On Tuesday, I took a painful look at Alfonso Soriano and his middling production this season. He's been a major drain on the middle of the order and even more un-productive than Brian McCann, and it looked like it was attributable to nothing more than him being old and losing bat speed. On that same day, Matt Bove of IIATMS/TYA also pointed out Soriano's drastic decline in power and spike in strikeouts, which inspired me to dig a little deeper. Turns out Soriano has a major platoon split this season. He's got an .805 OPS against right-handed pitching and a .563 against lefties, with more walks and strikeouts against southpaws.
Knowing that Soriano has been getting beaten badly by the fastball this season, is it possible that Soriano is getting a little of the Derek Jeter treatment and being pitched to in a way by righties that exploits his apparent loss of bat speed?
Yes and no. Right-handers are definitely challenging Soriano more with the fastball than lefties. 33.6% of the pitches he's seen from righties this season have been 4-seam fastballs compared to 23.8% from lefties. The spray chart results on that 33.6% strongly suggest that Soriano has lost enough bat speed to not be able to keep up:
What do you see there? I see a lot of flyballs dying before they even reach the warning track and a lot of GB outs rolled over to the left side of the infield. That distribution pattern holds if you expand the results to include all pitches. If ever there was a visual representation of a free-swinging righty power bat who'd lost a tick, there it is.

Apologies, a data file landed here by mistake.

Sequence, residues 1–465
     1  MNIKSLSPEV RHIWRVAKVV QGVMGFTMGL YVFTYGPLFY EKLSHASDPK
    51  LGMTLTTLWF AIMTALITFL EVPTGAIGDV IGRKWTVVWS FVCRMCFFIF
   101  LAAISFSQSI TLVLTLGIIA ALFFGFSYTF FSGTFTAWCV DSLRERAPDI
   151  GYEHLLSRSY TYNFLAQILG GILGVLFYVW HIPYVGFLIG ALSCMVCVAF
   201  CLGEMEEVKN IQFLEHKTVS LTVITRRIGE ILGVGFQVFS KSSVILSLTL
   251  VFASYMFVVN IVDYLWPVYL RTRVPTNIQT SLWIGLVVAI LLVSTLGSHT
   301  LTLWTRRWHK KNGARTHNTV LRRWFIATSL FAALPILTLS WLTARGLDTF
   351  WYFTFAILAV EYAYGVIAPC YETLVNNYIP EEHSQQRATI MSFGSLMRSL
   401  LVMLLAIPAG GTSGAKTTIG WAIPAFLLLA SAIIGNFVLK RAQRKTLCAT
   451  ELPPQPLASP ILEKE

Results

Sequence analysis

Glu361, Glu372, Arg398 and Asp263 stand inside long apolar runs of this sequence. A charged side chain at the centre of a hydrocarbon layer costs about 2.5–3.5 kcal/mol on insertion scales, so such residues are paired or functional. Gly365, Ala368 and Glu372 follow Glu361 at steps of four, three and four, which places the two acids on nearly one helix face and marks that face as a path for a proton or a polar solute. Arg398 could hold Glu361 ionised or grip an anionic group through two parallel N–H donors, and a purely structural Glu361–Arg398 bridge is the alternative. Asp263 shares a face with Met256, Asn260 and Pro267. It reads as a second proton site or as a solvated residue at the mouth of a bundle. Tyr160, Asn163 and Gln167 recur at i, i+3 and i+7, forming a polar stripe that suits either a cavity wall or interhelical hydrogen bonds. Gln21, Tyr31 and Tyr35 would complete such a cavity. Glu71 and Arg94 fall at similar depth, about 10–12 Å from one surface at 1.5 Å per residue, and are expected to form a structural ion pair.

But holeonaminuteplaya! It's not that simple. Soriano's swing plot doesn't suggest there's any attempt by righties to pitch to any particular location with their fastballs:
That's not somebody being busted hard inside and not being able to get around, that's a guy just straight up not being able to handle a fastball anywhere in the strike zone. Almost as even a distribution as you can have, with plenty of good pitches to hit up in the zone and over the plate, and Soriano is doing nothing with them whether he makes contact or not.
That and the fact that Soriano is whiffing on 4-seamers at almost a 15.0% rate against right and left-handers adds further credence to the idea that he might just be shot. He's not really being pitched to much differently than he was last season and pitchers don't appear to be going out of their way to attack him with their fastballs a certain way. Obviously this does little to inspire confidence that Soriano can turn things around, but it does make it easier to justify Joe keeping him out of the lineup more moving forward, especially with Beltran coming back.
(Stats and plots courtesy of Texas Leaguers)